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Get Screensaver timeout values does not return correct value RRS feed

  • Question

  • Screen saver settings are set by GPO policy. For all users on the all the client machines in the network but i always get a 0 for timeout even though value is greater than 0. Checking the registry, i can see the key I’d expect to be set for the user (hkcu\control panel\desktop\screensavetimeout / hku\sid\Control panel\Desktop\Screensavetimeout)

    To make sure the SID filter wasn’t catching me out I left it as a pattern match for .* and confirmed that a number of users were enumerated but in each case the screensaver timer = 0 even although values are set greater than 0.

    I cannot use powershell otherwise it would be much easier, i guess. Anyone have any ideas why WMI wouldn’t retrieve the same values as a straight registry key check in this case / why the test would fail to retrieve the values expected?

    On Error Resume Next

    Const wbemFlagReturnImmediately = &h10

    Const wbemFlagForwardOnly = &h20

    Set wshNetwork = WScript.CreateObject("WScript.Network")

    strComputer = wshNetwork.ComputerName

    strQuery = "SELECT * FROM Win32_Desktop"

    Set objWMIService = GetObject("winmgmts:\\" & strComputer & "\ROOT\CIMV2")

    Set colItems = objWMIService.ExecQuery(strQuery, "WQL", wbemFlagReturnImmediately + wbemFlagForwardOnly)

    For Each objItem in colItems

        WScript.StdOut.WriteLine "ScreenSaverActive: " & objItem.ScreenSaverActive

        WScript.StdOut.WriteLine "ScreenSaverExecutable: " & objItem.ScreenSaverExecutable

        WScript.StdOut.WriteLine "ScreenSaverSecure: " & objItem.ScreenSaverSecure

        WScript.StdOut.WriteLine "ScreenSaverTimeout: " & objItem.ScreenSaverTimeout

        WScript.StdOut.WriteLine ""

    Next

    Thank you.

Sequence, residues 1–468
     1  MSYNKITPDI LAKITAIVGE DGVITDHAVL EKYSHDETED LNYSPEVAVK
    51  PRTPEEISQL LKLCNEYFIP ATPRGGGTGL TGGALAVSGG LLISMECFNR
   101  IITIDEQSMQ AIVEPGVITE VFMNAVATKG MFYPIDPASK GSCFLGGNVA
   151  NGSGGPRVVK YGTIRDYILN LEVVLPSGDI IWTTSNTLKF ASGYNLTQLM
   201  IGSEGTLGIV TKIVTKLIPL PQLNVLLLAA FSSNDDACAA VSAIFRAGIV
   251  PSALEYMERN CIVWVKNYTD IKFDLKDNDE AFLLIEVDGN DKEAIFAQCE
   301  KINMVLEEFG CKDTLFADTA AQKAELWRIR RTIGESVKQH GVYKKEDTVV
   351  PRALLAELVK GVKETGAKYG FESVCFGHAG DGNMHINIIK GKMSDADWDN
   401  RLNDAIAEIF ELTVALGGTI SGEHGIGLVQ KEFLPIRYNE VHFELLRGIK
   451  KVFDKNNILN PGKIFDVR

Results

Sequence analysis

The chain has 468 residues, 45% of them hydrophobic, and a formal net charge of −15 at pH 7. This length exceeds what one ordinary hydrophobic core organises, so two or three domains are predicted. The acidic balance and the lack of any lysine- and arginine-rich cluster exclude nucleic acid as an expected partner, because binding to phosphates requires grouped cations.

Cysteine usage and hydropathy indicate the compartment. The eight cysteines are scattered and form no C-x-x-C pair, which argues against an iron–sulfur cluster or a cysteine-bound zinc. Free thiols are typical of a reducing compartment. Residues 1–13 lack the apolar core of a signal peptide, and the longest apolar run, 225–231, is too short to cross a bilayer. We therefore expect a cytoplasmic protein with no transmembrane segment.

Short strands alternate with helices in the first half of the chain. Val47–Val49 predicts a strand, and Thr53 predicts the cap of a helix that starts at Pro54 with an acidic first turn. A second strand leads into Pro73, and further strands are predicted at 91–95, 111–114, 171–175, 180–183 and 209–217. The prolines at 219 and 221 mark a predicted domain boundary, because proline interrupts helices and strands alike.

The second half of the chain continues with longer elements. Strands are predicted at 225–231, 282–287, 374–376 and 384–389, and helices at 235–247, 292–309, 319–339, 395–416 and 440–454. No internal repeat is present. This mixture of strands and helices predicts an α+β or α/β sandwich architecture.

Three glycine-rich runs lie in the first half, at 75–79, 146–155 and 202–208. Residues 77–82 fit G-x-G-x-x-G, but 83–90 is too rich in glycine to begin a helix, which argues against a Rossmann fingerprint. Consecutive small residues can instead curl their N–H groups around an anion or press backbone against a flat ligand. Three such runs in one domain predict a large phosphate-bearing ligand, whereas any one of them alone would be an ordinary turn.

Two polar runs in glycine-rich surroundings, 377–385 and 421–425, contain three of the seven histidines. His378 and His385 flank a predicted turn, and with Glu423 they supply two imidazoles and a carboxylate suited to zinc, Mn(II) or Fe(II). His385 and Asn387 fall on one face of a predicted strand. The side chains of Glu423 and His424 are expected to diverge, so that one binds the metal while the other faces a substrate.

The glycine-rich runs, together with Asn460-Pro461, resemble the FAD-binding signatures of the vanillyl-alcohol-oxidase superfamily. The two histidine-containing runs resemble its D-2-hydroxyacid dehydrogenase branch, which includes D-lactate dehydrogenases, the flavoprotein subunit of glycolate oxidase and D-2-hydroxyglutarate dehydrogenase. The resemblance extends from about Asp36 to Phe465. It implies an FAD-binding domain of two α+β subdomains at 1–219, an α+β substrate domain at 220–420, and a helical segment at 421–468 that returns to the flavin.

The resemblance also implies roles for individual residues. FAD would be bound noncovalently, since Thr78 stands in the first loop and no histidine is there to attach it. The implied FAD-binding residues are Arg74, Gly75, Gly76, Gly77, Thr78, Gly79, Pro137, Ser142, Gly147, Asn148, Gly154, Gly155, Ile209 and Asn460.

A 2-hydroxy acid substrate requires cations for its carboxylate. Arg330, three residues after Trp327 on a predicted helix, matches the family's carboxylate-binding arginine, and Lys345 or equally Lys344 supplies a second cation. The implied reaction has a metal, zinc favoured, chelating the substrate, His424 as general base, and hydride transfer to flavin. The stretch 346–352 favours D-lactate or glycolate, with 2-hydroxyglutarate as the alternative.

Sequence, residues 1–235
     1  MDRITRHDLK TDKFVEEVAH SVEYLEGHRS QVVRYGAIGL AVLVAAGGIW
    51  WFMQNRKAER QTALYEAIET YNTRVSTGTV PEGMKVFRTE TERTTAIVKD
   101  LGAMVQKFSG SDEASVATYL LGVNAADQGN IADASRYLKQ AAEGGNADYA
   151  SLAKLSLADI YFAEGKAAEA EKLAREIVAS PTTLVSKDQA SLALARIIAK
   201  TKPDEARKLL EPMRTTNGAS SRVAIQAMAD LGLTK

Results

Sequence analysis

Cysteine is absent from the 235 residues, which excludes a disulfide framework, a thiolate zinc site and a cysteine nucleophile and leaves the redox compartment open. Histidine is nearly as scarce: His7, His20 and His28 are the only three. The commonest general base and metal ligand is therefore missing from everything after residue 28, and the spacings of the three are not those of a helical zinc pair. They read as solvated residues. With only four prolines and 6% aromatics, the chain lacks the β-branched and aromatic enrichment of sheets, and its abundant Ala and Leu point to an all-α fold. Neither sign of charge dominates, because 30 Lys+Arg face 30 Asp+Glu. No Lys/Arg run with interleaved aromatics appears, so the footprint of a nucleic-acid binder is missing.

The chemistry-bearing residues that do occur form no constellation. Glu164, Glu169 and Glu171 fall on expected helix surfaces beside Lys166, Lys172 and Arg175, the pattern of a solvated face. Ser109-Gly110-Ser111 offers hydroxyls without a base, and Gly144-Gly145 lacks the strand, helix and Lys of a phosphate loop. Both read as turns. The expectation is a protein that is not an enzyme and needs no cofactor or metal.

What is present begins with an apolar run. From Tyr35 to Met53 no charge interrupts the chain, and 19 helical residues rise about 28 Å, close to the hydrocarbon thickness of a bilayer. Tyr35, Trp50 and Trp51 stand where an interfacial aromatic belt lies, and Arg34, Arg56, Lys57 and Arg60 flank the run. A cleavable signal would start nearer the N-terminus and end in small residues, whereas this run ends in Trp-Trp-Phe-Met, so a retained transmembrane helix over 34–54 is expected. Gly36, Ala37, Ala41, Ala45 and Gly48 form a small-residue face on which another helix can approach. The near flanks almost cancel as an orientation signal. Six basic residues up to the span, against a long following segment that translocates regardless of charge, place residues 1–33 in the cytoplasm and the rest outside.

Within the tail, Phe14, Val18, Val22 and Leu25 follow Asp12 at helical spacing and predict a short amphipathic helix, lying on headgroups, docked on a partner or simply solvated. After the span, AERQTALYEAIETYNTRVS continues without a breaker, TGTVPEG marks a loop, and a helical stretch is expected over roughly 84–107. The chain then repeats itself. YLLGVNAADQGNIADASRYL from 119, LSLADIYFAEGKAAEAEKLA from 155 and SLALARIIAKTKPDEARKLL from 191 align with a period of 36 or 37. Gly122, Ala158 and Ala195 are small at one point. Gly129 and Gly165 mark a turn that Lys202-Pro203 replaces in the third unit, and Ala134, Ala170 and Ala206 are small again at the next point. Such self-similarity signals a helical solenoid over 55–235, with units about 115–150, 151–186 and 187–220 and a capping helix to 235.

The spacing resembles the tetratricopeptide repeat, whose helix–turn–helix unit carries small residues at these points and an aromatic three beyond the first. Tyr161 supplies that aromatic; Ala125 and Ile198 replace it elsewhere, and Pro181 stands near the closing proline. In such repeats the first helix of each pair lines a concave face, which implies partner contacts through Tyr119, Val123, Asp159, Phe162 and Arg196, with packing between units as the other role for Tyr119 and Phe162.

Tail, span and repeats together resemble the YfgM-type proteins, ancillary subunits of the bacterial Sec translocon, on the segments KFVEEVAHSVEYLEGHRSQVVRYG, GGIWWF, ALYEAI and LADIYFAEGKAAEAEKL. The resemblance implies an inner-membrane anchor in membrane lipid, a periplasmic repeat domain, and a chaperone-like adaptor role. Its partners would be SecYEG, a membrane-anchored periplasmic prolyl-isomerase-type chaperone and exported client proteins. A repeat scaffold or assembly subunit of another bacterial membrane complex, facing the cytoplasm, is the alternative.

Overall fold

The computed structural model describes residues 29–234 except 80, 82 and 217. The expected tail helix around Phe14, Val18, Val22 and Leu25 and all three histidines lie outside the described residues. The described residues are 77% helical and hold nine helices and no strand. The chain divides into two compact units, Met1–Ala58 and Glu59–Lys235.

Tuesday, October 31, 2017 5:34 PM

Answers

  • It's not possible to "remove" PowerShell on Windows versions newer than Vista because it is a built-in and default part of the OS starting with Windows 7.

    (Aside from that, even if you could somehow "remove" PowerShell, what would you gain by doing so?)


    -- Bill Stewart [Bill_Stewart]

    Tuesday, October 31, 2017 7:22 PM
    Moderator

All replies

  • Start by removing "On Error" then fix the errors.

    You cannot get the GPO setting from that class.  GPO will override any local settings.

    Use GPResult to check if settings are being applied correctly.


    \_(ツ)_/

    Tuesday, October 31, 2017 5:46 PM
  • This will do the same thing in PowerShell in one line:

    Get-WmiObject win32_desktop


    \_(ツ)_/

    Tuesday, October 31, 2017 5:51 PM
  • Why can't you use PowerShell?

    -- Bill Stewart [Bill_Stewart]

    Tuesday, October 31, 2017 6:07 PM
    Moderator
  • They have removed the powershell. It is not allowed.
    Tuesday, October 31, 2017 6:26 PM
  • You cannot remove or disable PowerShell in modern Windows.  It is part of the operating system.  Just type powershell at a prompt.


    \_(ツ)_/

    Tuesday, October 31, 2017 6:43 PM
  • It's not possible to "remove" PowerShell on Windows versions newer than Vista because it is a built-in and default part of the OS starting with Windows 7.

    (Aside from that, even if you could somehow "remove" PowerShell, what would you gain by doing so?)


    -- Bill Stewart [Bill_Stewart]

    Tuesday, October 31, 2017 7:22 PM
    Moderator